Your content is awesome – now what?

I had the opportunity to speak at the incredible Brighton Dome again this morning as part of BrightonSEO, a conference that has fast become a UK favourite in our industry.

My talk, “Your Content is Awesome – Now What,” was about content promotion. Here’s the deck and a summary of the talk.

Your Content is Awesome – Now What? By @staceycav at #brightonseo from Stacey (Cavanagh) MacNaught

Promotion is often still an afterthought

It’s a pretty good time to work in content marketing. Budgets are on the up and most companies are investing in content.

But anywhere that something becomes as heavily invested in as content marketing, you’ll find marketplaces getting busier and busier. And, as it stands today, competition for eyeballs on your content is at an all time high.

Yet in spite of this, and in spite of the fact that budgets for content marketing are increasing, promotion remains something of an afterthought in many cases.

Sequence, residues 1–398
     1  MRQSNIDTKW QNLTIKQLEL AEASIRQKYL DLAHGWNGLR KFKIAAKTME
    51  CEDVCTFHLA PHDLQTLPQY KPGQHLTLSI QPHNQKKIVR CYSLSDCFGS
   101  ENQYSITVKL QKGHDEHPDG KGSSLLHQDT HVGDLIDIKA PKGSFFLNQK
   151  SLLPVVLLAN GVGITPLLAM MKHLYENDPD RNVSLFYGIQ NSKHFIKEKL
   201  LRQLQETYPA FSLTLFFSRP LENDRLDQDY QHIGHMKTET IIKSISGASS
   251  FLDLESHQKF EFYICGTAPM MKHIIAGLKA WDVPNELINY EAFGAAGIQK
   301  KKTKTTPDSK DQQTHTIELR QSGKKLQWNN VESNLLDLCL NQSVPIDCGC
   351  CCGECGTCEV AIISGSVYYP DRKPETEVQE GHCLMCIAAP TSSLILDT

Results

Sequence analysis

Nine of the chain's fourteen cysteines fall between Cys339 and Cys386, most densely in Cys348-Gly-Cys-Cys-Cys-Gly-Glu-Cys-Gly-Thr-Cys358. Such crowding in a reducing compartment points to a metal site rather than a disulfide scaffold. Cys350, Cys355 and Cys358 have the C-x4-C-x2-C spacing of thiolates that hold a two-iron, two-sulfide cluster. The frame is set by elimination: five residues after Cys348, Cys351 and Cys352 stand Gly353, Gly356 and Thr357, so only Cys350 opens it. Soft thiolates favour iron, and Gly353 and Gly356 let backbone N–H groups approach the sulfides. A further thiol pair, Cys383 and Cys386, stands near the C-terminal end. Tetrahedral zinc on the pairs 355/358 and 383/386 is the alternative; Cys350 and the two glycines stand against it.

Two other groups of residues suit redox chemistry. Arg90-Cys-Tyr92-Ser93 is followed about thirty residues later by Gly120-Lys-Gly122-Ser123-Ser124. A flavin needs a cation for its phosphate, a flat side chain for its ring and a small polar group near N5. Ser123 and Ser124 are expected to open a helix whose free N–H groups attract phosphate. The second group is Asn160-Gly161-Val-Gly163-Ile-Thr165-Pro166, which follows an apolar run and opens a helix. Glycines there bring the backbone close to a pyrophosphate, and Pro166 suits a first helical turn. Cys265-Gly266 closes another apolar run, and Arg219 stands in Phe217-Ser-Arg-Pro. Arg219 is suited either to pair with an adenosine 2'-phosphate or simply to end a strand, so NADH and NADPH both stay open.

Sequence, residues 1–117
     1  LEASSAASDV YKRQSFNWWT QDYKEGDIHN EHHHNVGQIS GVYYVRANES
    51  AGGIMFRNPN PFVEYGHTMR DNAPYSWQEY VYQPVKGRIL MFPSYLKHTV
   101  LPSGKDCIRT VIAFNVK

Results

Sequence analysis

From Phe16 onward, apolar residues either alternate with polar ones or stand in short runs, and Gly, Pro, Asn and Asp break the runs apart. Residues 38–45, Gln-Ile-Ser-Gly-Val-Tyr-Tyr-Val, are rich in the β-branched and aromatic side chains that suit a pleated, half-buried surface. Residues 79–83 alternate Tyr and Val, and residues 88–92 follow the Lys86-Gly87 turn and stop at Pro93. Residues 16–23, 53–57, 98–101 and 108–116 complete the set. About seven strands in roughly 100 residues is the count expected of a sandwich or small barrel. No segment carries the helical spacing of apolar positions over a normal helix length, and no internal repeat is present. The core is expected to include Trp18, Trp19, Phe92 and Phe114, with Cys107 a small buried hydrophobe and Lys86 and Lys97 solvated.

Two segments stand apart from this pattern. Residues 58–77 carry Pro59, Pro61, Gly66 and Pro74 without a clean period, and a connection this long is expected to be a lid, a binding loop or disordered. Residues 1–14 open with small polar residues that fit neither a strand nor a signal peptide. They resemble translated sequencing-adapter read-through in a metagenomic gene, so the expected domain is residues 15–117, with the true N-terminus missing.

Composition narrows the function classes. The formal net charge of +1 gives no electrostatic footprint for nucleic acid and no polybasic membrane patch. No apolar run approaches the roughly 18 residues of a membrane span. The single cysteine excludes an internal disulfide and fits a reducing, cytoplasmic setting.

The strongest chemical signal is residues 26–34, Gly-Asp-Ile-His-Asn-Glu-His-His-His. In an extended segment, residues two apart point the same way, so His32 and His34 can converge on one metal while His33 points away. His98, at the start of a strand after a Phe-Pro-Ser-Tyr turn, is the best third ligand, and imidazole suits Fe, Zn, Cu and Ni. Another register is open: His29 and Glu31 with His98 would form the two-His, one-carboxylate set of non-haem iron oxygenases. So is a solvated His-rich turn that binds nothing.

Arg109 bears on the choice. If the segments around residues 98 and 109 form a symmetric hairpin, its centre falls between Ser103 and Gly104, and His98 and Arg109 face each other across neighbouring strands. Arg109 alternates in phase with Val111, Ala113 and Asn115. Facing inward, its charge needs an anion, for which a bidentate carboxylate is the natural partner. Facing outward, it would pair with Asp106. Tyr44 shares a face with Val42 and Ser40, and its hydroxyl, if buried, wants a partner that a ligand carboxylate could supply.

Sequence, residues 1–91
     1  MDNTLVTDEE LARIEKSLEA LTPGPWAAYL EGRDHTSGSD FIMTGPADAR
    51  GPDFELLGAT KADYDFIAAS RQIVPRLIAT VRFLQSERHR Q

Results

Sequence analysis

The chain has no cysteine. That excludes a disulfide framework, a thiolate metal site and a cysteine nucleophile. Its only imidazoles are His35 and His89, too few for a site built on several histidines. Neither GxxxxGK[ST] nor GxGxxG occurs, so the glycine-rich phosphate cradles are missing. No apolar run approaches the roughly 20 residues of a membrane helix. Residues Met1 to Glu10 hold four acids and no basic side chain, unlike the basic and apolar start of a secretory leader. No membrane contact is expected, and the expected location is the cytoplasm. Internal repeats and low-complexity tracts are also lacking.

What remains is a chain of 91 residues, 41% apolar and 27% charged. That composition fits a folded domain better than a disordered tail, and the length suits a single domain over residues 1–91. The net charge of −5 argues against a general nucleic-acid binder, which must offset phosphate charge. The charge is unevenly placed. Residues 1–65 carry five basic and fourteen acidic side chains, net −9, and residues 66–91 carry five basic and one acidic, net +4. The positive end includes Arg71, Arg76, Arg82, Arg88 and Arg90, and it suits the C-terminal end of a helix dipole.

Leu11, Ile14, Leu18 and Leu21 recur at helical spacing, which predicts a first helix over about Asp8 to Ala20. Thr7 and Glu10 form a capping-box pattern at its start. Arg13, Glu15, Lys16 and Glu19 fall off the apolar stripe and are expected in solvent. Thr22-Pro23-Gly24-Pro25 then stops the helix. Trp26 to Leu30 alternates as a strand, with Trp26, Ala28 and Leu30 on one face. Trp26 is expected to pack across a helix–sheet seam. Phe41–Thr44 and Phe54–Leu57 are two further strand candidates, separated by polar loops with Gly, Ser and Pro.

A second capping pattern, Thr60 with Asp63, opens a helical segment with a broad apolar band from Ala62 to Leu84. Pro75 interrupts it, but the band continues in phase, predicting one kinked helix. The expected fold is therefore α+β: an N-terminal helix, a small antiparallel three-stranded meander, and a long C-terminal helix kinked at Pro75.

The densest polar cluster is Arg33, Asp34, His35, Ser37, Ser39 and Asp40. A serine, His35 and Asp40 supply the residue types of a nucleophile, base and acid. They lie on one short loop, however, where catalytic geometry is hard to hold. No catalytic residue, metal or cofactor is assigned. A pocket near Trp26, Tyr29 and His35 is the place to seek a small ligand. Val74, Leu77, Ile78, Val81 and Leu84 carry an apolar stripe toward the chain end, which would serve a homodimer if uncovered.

In both agencies and within brands, we’ve seen examples of large budgets being ploughed into creating something innovative and “shiny,” with a very brief promotion plan of simply “doing a bit of outreach” at the end.

And it doesn’t cut it anymore.

Even great content can be so easily overlooked without the right promotion.

Outreach is not the same thing as promotion

Let me put this out there – outreach is not the same thing as promotion.

Outreach, the way I look at it, is the process of manually sourcing a target contact list, building relationships and contacting people with a view to getting them to notice your content and take your desired action.

That’s one promotion tactic. It’s a valid and a valuable one, granted. It still makes up a significant proportion of what we do to promote content.

But I would argue that if the only promotion you’re doing is outreach, then you’re not doing enough. There are two reasons I say that:

  1. It’s getting tougher all the time. We’re becoming accustomed to sending a message or email to a blogger and getting a response with a rate card. And while this doesn’t happen so much with journalists, anyone trying to reach influential bloggers will have, at some point, encountered this issue. Blogs are often run as businesses, so we have to expect it. But if you’re looking to scale placements of this nature, this trend is going to cause you a problem.